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HomeSportsNBAMontreal's Olivier-Maxence Prosper inches closer to NBA dream while helping star sister

Montreal’s Olivier-Maxence Prosper inches closer to NBA dream while helping star sister


For Olivier-Maxence Prosper, the lessons and experiences are not just for himself as he inches closer to a potential shot at his NBA dream.

They are also for the Montreal native to share with his younger sister, Cassandre, who is embarking on a path she hopes leads to the WNBA.

“Growing up, I was trying to be the best role model I can be for her,” he told The Canadian Press. “All the experiences I went through, I just help her so that she could be better, so that her experiences could be better than mine.

“She’s my only sibling and me and her are really, really close and as an older brother, I just want to do everything I can to help her basketball journey be the best it can be and to guide her through that.”

Olivier-Maxence is a six-foot-eight, 230-pound junior forward for the Marquette Golden Eagles, ranked 16th in NCAA Division I men’s basketball.

Prosper, number 12, dribbles the ball after a turnover during the second half of an NCAA college basketball game against Providence on Jan. 30, 2022, in Providence, R.I. (Stew Milne/The Associated Press)

Cassandre, meanwhile, is a six-foot-two guard, who recently joined the seventh-ranked Notre Dame Fighting Irish as a 2023 five-star recruit out of the Ontario Scholastic Basketball Association’s Capital Courts Academy.

Following in family’s footsteps

The two were born and raised in Montreal, kids to mother Guylaine and father Gaetan, who both played basketball on the collegiate level in the 90’s.

Guylaine played one year of Division I basketball at Manhattan College before returning to compete for Concordia University, where she was a two-time RSEQ all-star. Gaetan also played at Concordia where he was a three-time RSEQ all-star.

“My parents lived basketball, I live basketball, so it’s been great,” Olivier-Maxence said. “It’s great to have parents and people around you who played the game because it makes [it] easier for me growing up in an environment like that.”

Basketball was something that was “instilled” in the 20- and 17-year-olds from a very young age.

“Honestly, I always joke around and say that I was brainwashed into playing basketball and loving basketball, but it’s great,” Cassandre said.

For Cassandre, however, her brother’s influence played a major role growing up.

“I think the way I look up to him, he was such a great player on the court, but the way he conducted himself off the court just made him so great on the court,” she said.

“I think what I love about him is that he always understood that I’m his little sister and I’m looking up to him. So whatever he did, he did it with the intention of, ‘I have someone that I’m trying to inspire,’ and he always did things right on the court.”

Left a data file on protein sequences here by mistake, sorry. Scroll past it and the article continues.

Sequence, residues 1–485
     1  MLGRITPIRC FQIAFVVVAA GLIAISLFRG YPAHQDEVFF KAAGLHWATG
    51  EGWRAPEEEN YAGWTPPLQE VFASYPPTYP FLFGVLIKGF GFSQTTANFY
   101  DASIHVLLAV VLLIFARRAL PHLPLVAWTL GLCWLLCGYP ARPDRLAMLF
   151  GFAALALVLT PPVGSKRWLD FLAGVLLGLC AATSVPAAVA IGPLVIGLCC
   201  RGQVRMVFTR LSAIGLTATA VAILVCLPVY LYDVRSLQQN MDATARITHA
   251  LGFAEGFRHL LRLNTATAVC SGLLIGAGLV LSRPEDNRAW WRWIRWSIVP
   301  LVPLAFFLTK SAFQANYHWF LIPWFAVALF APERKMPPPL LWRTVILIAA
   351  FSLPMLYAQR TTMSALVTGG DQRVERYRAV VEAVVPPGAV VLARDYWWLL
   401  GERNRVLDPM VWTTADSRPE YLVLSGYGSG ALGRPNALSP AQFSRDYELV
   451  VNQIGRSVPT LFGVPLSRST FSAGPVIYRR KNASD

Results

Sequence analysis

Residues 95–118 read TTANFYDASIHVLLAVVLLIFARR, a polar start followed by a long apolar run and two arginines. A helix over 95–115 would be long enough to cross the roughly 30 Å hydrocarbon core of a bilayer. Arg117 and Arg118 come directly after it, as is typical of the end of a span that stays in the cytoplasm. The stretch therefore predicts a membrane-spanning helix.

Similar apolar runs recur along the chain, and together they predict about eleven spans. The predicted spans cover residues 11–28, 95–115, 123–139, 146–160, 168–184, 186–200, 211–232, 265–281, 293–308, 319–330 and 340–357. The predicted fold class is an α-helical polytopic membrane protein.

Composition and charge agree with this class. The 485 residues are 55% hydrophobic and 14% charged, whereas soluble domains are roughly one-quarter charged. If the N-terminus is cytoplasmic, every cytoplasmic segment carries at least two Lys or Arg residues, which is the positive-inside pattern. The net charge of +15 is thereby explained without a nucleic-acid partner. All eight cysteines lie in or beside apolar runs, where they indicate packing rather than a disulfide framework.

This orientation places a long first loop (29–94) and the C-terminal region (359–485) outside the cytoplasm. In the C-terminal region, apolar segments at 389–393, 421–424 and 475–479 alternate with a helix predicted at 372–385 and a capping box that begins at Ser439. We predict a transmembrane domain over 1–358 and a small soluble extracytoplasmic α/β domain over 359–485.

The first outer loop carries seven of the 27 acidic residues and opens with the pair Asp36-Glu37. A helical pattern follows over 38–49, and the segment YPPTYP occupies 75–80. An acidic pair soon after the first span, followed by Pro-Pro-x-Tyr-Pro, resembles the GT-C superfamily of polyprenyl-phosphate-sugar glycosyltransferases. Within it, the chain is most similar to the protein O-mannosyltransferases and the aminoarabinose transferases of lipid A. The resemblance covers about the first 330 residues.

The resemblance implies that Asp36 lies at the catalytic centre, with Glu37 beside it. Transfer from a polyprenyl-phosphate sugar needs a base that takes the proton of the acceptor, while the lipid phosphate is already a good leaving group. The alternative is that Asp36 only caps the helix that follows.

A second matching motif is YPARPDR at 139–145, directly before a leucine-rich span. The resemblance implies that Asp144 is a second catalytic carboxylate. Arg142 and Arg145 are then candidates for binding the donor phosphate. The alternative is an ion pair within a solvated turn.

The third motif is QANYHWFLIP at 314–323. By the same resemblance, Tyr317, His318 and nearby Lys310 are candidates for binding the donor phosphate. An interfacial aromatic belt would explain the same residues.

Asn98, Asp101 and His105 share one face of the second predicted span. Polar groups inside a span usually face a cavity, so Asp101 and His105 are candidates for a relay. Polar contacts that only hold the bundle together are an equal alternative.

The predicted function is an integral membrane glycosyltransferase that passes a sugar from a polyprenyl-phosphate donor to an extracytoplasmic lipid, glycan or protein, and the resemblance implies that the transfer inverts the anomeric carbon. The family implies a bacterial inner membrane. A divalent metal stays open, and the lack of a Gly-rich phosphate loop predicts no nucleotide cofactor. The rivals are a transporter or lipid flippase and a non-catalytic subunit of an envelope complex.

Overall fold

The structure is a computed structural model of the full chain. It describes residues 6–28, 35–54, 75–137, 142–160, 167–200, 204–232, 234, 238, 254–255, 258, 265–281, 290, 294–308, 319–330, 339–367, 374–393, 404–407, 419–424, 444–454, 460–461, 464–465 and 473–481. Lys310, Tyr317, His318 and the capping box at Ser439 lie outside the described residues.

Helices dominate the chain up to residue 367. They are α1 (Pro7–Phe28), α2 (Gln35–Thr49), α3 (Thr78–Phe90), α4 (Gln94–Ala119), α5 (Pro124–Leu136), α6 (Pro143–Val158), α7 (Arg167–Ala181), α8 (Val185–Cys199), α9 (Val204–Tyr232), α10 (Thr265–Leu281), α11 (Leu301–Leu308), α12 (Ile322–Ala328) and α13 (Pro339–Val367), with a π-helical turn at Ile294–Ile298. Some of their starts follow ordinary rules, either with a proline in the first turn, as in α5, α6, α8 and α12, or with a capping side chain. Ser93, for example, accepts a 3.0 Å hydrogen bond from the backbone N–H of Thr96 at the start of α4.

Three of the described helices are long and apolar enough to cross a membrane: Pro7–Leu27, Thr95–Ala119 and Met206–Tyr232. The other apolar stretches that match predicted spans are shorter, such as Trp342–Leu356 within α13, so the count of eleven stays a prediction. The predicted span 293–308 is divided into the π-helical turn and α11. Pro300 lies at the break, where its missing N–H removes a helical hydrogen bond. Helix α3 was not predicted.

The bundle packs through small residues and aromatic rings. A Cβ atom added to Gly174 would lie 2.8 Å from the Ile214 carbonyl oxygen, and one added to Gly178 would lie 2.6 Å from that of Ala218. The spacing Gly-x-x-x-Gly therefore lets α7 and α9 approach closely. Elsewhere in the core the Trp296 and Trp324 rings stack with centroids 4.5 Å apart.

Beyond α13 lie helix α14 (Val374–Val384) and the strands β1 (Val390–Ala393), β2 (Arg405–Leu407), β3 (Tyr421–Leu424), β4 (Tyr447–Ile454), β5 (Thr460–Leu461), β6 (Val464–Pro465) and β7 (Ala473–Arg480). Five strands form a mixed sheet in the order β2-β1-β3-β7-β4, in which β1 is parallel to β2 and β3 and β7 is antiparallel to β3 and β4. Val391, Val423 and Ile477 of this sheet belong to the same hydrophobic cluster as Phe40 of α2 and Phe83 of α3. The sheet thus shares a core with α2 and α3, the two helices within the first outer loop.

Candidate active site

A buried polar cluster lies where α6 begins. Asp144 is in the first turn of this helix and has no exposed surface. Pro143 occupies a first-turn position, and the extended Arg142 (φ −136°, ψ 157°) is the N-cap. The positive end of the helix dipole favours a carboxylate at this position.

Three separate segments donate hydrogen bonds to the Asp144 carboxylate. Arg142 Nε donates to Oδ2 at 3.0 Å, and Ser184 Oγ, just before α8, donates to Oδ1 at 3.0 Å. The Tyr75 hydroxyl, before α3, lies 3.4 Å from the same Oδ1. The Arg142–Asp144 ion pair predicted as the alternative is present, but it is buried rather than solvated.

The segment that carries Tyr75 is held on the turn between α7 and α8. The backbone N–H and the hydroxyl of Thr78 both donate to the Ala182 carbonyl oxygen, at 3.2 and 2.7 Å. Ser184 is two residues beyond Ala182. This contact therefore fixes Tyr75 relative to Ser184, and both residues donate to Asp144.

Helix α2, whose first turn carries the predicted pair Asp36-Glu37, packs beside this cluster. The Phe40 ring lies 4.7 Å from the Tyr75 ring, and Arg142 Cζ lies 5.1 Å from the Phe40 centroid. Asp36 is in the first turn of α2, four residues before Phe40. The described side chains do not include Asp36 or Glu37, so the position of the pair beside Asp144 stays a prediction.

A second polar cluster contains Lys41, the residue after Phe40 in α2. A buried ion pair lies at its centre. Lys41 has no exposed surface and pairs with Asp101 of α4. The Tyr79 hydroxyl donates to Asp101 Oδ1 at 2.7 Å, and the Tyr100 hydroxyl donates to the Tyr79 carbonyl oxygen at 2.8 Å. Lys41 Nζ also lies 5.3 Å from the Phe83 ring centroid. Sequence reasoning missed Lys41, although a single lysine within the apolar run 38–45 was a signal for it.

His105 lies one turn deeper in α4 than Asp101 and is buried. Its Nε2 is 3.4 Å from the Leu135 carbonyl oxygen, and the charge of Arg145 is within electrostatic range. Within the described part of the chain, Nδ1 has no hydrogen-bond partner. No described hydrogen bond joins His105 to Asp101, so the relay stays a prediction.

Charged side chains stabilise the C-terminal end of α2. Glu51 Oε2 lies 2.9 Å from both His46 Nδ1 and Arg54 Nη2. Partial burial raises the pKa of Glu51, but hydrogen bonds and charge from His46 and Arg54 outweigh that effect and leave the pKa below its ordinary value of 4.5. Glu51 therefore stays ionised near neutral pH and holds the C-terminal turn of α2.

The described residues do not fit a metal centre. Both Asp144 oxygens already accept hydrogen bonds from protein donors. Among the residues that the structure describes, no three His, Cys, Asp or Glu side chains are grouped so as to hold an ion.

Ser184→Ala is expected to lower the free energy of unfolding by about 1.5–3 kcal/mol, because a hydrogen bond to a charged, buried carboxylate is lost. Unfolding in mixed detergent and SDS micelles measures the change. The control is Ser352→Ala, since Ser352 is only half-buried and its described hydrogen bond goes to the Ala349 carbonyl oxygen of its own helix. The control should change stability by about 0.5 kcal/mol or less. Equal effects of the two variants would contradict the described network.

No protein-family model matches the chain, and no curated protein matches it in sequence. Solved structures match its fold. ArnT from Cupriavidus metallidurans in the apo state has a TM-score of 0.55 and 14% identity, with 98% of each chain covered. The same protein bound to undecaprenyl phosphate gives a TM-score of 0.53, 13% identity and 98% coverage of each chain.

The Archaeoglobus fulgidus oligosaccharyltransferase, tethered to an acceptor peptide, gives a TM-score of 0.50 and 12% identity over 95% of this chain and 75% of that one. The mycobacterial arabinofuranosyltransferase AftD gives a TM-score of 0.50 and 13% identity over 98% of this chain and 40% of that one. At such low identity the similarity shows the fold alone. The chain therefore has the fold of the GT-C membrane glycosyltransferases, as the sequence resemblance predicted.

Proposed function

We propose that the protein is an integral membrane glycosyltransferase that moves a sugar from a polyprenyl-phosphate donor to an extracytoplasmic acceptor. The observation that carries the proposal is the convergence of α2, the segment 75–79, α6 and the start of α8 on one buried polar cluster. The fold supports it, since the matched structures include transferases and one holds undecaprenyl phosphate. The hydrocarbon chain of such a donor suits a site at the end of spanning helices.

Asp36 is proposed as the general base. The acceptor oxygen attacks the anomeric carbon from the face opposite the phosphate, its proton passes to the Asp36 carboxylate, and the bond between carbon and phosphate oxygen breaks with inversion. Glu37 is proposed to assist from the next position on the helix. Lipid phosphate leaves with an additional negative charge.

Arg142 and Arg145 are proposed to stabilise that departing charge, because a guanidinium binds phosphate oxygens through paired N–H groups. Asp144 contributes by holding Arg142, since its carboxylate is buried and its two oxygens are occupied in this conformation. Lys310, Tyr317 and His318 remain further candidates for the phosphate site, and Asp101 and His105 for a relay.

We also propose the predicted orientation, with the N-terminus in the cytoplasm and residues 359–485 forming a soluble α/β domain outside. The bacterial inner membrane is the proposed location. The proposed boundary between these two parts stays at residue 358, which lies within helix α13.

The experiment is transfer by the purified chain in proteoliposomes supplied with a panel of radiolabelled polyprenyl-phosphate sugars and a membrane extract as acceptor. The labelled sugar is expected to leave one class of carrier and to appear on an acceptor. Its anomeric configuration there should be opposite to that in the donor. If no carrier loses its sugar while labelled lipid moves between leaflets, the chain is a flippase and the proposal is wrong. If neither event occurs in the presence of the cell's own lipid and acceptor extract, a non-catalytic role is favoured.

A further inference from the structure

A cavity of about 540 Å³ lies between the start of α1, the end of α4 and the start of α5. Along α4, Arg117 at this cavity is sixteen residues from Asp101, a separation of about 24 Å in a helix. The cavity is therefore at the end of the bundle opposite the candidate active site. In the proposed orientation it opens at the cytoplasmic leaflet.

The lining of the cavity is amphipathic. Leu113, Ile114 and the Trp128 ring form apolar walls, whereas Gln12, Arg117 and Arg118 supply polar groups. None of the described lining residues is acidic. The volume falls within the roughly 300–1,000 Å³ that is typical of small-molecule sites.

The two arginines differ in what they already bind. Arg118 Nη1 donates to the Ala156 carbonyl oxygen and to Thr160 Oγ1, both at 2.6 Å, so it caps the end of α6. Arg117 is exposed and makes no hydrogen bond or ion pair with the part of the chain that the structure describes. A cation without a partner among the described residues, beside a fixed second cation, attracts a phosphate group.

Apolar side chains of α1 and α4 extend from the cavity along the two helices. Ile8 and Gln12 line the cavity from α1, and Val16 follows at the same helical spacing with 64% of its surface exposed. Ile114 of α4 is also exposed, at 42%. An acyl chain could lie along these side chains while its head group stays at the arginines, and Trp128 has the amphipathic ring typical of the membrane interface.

High hopes for siblings

Marquette head coach Shaka Smart says that intention has played a factor in Olivier-Maxence’s breakout junior season.

The forward is averaging a career-best 14.0 points and 4.6 rebounds per game, both good for second on the team.

“O-Max has really worked. He’s been an everyday guy,” Smart said. “Living in the gym, doing extra, spending time with multiple members of our program, getting better and being very, very intentional about the areas where he needs to grow and wants to grow.

“He’s done a terrific job utilizing the experiences that he’s had over his first couple of years of college. To be an older, more confident, more mature player this year and that doesn’t just happen.”

A basketball player fends off a defensive player as he handles the ball.
Prosper drives to the basket against Seton Hall during the first half of an NCAA college basketball game in Newark, N.J. on Jan. 26, 2022. (Noah K. Murray/The Associated Press)

Olivier-Maxence was a four-star recruit from the NBA Academy Latin America in Mexico, where he played his senior year alongside Indiana Pacers rookie Bennedict Mathurin, also from Montreal. He then signed with Clemson before transferring to Marquette for his sophomore season.

Before that, he moved to Chicago at 16 years old, where his journey south of the border started with Lake Forest Academy. His high school in Blainville, Que., L’Académie Ste-Thérèse, did not have a basketball team. He played for a local Amateur Athletic Union team, Brookwood Elite, before seeking a new challenge.

“That year was really great for me because it helped me mature so much, not only as a basketball player, but also as a young man leaving home early,” he said of Lake Forest Academy. “Having to live on my own and really start maturing and being disciplined to do things on my own.”

Cassandre also left Montreal and moved to Ottawa at 15 years old to play for Capital Courts. There, she finished out her career averaging a league-best 25.1 points, while grabbing 13.7 rebounds, 3.1 steals and 2.6 blocks per game and led the team to its first ever OSBA championship in 2022. She was also named league and Final 8 MVP.

For Notre Dame head coach, Niele Ivey, a former WNBA player and mother of Detroit Pistons rookie, Jaden Ivey, Cassandre’s talent and potential are immense.

“I think her talent is program changing. The future is bright for us with her here,” Ivey said. “She’s kind of getting herself acclimated to the collegiate game, but she makes an immediate impact.

“I think for us, she’s going to play a huge role in what we do and that’s exciting for me.”



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